I came across one such example this morning in my usual troll for blog fodder. Microsoft, for some strange reason, decided to code up an achievement system for Visual Studio, their flagship development environment. It looks to be an extension to Visual Studio itself and currently only works if you’re coding with Visual Basic or C# (arguably the most common languages though). There’s dozens of achievements already in there and even a leaderboard of the top 15 people who’ve gained the most achievements. Taken at face value I can see this being a good thing by encouraging good programming habits through achievements.
Microsoft’s implementation is anything but that.
Many of the achievements are either pointless, inane or actively encourage bad coding habits. 50 projects in a solution? A class that has every kind of scope in it? I can foresee situations where these things might happen (but they still shouldn’t) and it begs the question as to why these were added in. The flip side of this is people creating one shot projects in order to get these achievements (which everyone on the leaderboard has done) which makes the achievements even more meaningless. Indeed the whole idea just seems like a poorly thought out attempt at getting into the gamification scene, one that will be rightly ignored by most proper developers.
Just like in Lobaco where adding in game elements didn’t make complete sense (at least not at the great expense of other features, which it did) there are many times where the gamification of something just plain won’t work. If the core of your idea is based around a game idea then it probably makes sense to include achievements. If it does not then realistically you shouldn’t be adding them in until you’ve done everything else possible to deliver a good product/service to your end users. Attempting to keep people interested with cheap tricks like gamification won’t work if the underlying product has no redeeming value, nor if the core use of the product isn’t a game mechanic itself. The sooner people realise this the better as the spread of crappy, tacked on game mechanics is really not doing anyone any favours.
Look I’m not going to say that I’m above rabid fan boy-ism. In fact there are multiple occasions where I’ve made up excuses for some of my companies of choice (notably Bioware and Sony) but I usually at least take the time to find out all the facts before disregarding them completely. Mostly I do this so I can use my opponent’s position against them, much like I’m doing in a fledgling tweet battle with one of my friends, but if I come across a hard line fact that I can’t get across I’ll do the requisite back flip and change my position on the matter. Like I did when the iPad sold like hot cakes.
However the latest storm comes from none other than the fan boys of that company. A couple days ago Apple released their latest version of their Integrated Development Environment (IDE) Xcode 4. Personally I wasn’t excited about the release since if I had my way I’d do everything in Visual Studio (and it means yet another 4GB download, eurrgh) but some of the features piqued my interest. The integration of Interface Builder into the core Xcode application is a welcome change as well as the improvements to the debugger and an intelligent error detection engine. I haven’t yet had a go with it but the reviews I had read so far are positive so I’m sure it will make my iPhone coding life a little easier.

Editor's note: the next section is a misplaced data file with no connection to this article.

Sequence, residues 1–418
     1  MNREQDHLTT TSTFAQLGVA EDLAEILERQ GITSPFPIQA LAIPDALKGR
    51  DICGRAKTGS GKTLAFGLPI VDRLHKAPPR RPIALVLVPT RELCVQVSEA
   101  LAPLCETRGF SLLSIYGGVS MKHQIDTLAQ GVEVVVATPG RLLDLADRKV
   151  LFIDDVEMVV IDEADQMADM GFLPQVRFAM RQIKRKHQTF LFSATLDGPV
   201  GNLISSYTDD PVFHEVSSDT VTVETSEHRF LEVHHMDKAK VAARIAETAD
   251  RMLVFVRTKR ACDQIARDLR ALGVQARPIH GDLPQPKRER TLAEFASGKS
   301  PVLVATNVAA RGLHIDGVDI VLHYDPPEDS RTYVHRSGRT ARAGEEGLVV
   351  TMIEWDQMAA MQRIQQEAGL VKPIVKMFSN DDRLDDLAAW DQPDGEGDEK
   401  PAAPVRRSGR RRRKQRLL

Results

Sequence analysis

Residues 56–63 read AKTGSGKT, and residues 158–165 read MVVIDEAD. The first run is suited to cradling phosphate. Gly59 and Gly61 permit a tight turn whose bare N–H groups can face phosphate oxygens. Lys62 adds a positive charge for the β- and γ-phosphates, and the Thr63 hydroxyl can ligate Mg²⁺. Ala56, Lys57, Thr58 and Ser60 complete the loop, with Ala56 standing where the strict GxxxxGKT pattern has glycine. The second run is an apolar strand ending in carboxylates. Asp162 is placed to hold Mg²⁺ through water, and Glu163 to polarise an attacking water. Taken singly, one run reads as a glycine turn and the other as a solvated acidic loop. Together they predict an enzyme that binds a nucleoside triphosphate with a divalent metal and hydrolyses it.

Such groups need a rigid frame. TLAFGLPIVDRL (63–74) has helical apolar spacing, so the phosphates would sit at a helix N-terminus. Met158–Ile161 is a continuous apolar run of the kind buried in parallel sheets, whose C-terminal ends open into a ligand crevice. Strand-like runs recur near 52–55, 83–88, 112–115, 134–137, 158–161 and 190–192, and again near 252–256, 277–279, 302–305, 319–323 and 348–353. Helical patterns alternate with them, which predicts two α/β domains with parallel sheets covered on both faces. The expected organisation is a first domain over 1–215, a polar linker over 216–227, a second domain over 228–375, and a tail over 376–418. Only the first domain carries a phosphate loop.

However Apple made the controversial move of charging $4.99 for it through the Mac App store (it’s still free to developers who are paying $99/year). Whilst the barrier to entry for Xcode is well above that thanks to the Apple hardware tax it still pissed a good number of enthusiasts off since Apple doesn’t ship a compiler with OS X, leaving many to either go without or go the dark route of installing GCC themselves. Personally I didn’t care either way since I’m already well over $4000 in the hole just for the privilege of developing for iOS but what got my goad up was when people started comparing it to Visual Studio’s pricing.
Now since Visual Studio is aimed at corporations its pricing is, how would you say, corporately priced. The cheapest version you can find on the site is $549 a whopping 110 times the price of Apple’s offering. Now whilst I could argue that the value of Visual Studio is well worth the price of admission (and it is, even if it’s just for the debugger) you’d have to be a loon to pay that price if you just wanted to develop apps for a single platform. The reason behind this is because Microsoft offers up special platform specific versions of Visual Studio for free under the Express line of their products. There are 4 different versions on there currently and combined they cover pretty much all types of development on the Windows platform. Apple does not offer Xcode free in any form anymore so realistically the comparison to Visual Studio is apples to oranges, as one is either 110 times the cost or reversed its infinitely more expensive (literally).
Perhaps I’m getting too worked up over an issue that in reality means nothing, since most people who are retweeting this nonsense are probably not developers. But still when people show a blatant disregard for simple facts (hell even a simple Google search) it gets me all kinds of angry. Couple that with a complete lack of other inspiration for today’s post and you get this ranty, nigh on pointless post about Apple fan boys. I probably shouldn’t be so angry at those people who are simply retweeting the nonsense but it’s this exact kind of me-tooism that causes the kind of zero-value blogging that’s reducing the signal on the Internet to be nigh on indistinguishable from the noise.